A children’s book is a hard task master, and one that takes no prisoners. To work, it must become a ballet of the visual, the written word, and the message. OK, that sounds like a load of gobbledygook, but I swear it is true! I love childrenâ€™sÂ books, they have a dynamic that you just donâ€™t find elsewhere in the world of literature.
I am a reviewer not a critic, but my favorite question is why? Why did an author write a book, why did he or she select the subject, why now? Oh my list of whyâ€™s is endless!Â To me the question â€˜why?â€™ is an important one. It is possible, even probable that the reason I am a book reviewer is so that I can ask why?
Incidentally it was the first question I asked Daniel Collins about The Little Candle, but I will come back to that later.
The Little Candle is Daniel Collins first foray into the world of childrenâ€™s books and I congratulate him on creating a very fine story. The key to a winning children’s book is to take a complex concept and explain it in simple terms. Daniel takes on the issue of self worth. In recent years this topic has garnered much attention, particularly concerning children. Peer pressure leads to children doubting their own self worth, and that, some might argue, is the precursor to become the target of bullying. Not every child can be the most popular kid in the class, nor can they be the prettiest, the slimmest, or the most athletic. But that does not make them less of a person.
Teaching self worth to small children is not an easy task, I think Daniel Collins does it with great style and aplomb. His â€˜Little Candleâ€™ lives in a candle shop, the little candle is not elegant, just short and stubby. It is with sadness and an amount of envy that the little candle watches customers come in and buy the tall elegant candles, the ones that will sparkle and light glorious dining tables, presiding over family gatherings or glamorous social gatherings.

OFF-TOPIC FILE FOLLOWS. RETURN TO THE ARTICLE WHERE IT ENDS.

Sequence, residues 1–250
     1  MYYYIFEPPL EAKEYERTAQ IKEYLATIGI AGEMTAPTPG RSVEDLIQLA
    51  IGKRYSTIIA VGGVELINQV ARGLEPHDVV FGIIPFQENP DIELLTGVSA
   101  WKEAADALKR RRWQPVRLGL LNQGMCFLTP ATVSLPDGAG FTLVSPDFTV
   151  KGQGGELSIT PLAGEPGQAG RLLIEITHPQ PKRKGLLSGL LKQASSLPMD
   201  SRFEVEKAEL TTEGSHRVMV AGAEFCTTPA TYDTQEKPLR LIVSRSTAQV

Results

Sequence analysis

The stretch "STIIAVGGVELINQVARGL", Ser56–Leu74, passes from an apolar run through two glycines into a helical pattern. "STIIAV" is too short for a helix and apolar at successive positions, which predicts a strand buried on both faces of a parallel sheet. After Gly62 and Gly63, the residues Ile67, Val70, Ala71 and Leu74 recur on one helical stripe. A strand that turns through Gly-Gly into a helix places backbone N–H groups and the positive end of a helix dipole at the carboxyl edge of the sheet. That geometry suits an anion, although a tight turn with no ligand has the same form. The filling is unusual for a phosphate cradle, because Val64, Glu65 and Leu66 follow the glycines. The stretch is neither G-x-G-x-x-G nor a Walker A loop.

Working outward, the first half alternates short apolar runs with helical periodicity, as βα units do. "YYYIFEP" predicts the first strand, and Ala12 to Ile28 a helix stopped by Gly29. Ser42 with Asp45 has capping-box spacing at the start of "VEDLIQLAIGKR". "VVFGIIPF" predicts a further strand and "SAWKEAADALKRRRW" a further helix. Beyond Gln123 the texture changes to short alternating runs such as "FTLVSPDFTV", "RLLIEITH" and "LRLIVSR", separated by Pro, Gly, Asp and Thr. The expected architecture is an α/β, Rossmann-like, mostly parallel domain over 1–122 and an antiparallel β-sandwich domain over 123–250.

Normally when I review a child’s book I am happy to explain the plot, it helps parents in making wise choices. The Little Candle is a little different, adults can get just as much benefit from reading it as a young child. I could see The Little Candle being used in an adult learning environment. It contains a powerful message that many people could learn from.
The Little Candle is also different in another way. It is somewhat of a rarity for the author to do their own illustrations. Usually the task is farmed out by the publishing company. Daniel took on the task himself, and he is a very fine artist. His watercolors are warm and inviting. Maybe the one grouch I have is that I would have preferred them larger. In fact they are so good that prints in a larger physical format would really wonderful framed and on the wall.
I like his illustrations a great deal. You can find more in this video clip.
The Little Candle gets high marks from me, and I am sure that we are going to see more books from this creative author. As I mentioned earlier, I love to understand the back story to any book, I play the terrible twoâ€™s and ask Why? Daniel has a great answer, certainly one that I did not expect. But, I think I will keep you all guessing until I interview him.
You can buy your own copy of The Little Candle at better book stores everywhere, or by clicking on the Amazon link above